Art Young’s Needle-Sharp Cartoons

Posted inThe Daily Heller
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If you have never encountered Art Young‘s cartoons from the early 1900s, you are missing one of America’s most strident and witty political and social cartoonists. Just look below:


Aside from two very entertaining autobiographies, On My Way (1928) and Art Young: His Life and Times (1939), his Art Young’s Inferno was a 600-year romp through hell with all the bankers, politicians, prelates and monarchs whose greed made life hellish for others. He also worked for The Masses, where he practiced his distinct brand of satire. In 1913 Young and editor Max Eastman were charged with criminal libel for statements against the Associated Press for the cartoon “Poisoned At The Source.” After war was declared in 1917, The Masses‘ writers and artists, including Young, attacked government war policy. The antiwar stance of the magazine caused it to lose mailing privileges and in July, 1917, authorities claimed that cartoons by Young and others had violated the Espionage Act. Trials and tribulations ensued.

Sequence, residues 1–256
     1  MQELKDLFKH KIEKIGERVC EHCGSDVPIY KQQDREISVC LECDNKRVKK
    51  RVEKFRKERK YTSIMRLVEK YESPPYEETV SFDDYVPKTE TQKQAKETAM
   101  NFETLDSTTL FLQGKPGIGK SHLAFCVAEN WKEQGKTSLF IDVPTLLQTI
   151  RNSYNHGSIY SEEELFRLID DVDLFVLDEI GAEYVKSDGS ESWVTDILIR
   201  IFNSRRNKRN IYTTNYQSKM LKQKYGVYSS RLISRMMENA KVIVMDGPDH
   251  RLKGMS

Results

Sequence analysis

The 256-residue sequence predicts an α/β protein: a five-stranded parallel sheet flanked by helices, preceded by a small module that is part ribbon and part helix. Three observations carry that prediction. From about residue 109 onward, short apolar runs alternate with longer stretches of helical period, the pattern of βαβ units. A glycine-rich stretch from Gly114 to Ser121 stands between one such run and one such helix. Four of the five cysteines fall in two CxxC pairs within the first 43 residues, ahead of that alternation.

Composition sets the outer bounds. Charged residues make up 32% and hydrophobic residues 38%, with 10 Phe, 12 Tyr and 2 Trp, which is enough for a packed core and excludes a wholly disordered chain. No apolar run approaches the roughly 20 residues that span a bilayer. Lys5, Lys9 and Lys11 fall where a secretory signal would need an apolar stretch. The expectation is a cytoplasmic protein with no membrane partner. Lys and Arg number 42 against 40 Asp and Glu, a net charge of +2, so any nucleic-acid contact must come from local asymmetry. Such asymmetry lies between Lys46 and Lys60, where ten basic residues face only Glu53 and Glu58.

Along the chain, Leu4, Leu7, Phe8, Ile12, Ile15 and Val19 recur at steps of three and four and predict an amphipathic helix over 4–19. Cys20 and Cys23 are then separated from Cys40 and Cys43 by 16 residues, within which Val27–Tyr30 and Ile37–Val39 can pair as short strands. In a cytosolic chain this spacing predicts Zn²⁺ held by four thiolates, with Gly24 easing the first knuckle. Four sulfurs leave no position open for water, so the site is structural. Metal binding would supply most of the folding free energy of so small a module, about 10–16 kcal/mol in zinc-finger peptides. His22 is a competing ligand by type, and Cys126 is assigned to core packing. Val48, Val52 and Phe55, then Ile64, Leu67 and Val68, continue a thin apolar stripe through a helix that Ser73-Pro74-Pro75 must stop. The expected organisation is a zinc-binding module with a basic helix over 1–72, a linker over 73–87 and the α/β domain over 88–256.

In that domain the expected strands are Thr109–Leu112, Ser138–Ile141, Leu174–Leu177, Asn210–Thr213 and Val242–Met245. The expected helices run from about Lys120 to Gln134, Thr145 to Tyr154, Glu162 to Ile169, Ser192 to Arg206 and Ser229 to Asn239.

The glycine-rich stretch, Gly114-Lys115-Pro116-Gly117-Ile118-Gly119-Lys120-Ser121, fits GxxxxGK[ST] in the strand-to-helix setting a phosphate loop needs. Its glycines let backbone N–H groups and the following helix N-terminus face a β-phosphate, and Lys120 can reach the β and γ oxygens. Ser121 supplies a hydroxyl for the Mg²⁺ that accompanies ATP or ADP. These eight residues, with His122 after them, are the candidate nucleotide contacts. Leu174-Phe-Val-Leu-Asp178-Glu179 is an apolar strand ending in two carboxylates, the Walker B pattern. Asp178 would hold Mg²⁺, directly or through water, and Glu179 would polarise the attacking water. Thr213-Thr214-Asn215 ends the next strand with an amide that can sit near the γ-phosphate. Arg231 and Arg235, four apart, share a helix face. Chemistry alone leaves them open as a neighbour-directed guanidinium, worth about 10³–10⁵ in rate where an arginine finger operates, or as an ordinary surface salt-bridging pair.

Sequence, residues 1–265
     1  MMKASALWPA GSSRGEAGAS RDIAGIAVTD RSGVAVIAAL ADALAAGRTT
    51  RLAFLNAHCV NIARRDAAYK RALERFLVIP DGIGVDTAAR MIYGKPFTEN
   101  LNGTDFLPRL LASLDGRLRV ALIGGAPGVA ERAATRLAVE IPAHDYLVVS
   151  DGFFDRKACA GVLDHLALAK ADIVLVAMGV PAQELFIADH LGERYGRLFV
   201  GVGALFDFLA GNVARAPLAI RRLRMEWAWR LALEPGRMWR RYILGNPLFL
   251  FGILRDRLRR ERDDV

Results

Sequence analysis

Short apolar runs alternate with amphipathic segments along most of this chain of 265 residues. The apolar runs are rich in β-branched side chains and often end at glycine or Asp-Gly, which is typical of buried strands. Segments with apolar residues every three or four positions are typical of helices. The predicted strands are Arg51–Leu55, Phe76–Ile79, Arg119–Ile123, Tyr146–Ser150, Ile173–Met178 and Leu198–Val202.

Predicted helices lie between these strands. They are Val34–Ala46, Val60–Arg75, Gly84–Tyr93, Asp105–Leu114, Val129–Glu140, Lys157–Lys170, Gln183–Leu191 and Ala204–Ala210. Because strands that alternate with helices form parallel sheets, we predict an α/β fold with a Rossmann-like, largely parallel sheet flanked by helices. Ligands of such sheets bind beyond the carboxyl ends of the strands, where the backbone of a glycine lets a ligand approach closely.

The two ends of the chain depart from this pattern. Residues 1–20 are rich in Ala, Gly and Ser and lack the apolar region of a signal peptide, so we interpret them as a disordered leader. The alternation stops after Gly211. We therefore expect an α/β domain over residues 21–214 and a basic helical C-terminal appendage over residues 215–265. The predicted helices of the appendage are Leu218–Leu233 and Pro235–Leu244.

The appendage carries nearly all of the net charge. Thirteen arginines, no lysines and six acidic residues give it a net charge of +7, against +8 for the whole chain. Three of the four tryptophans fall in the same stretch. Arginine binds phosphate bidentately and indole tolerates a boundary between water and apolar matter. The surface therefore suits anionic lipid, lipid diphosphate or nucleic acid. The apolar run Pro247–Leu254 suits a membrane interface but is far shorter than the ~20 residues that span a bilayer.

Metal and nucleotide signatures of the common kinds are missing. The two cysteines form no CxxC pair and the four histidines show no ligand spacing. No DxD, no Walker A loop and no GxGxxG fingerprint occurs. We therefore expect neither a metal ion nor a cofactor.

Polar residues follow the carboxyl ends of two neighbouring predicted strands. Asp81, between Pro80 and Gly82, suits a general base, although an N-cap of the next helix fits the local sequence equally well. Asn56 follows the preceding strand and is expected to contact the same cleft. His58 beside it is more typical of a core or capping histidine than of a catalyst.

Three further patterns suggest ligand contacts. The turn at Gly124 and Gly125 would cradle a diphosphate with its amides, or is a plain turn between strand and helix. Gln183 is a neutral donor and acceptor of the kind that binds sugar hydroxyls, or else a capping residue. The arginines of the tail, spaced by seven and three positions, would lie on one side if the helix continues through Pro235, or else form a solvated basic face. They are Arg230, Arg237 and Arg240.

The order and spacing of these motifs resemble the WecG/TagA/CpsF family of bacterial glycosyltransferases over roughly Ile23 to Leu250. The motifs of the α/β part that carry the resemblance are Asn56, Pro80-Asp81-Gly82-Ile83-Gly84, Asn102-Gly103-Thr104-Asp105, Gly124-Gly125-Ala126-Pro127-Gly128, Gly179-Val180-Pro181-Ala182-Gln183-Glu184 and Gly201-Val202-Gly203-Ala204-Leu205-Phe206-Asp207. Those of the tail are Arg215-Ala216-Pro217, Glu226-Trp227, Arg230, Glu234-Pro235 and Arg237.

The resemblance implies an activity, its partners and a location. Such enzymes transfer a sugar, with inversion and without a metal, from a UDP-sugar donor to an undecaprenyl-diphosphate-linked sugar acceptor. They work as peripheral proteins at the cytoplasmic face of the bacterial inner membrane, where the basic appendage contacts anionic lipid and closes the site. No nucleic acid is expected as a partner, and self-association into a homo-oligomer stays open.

Young did not focus his barbs only at the wealthy and powerful. He also tweaked characters from his hometown of Bethel, CT. A few weeks back, I stumbled upon a beautifully produced recent printing of Art Young’s Types of the Old Home Town published by Seraphemera Books and available at the Art Young Gallery in Bethel in conjunction with the Bethel Historical Society.


Young wrote in his second autobiography: “These Types pictures I regard as my best contributions to folklore Americana. Here was work which I greatly enjoyed, conjuring up from the days of my youth the characters that I had known back home. And I had traveled enough to realize that they were not just local, but that their prototypes were to be found in hundreds or thousands of towns.”


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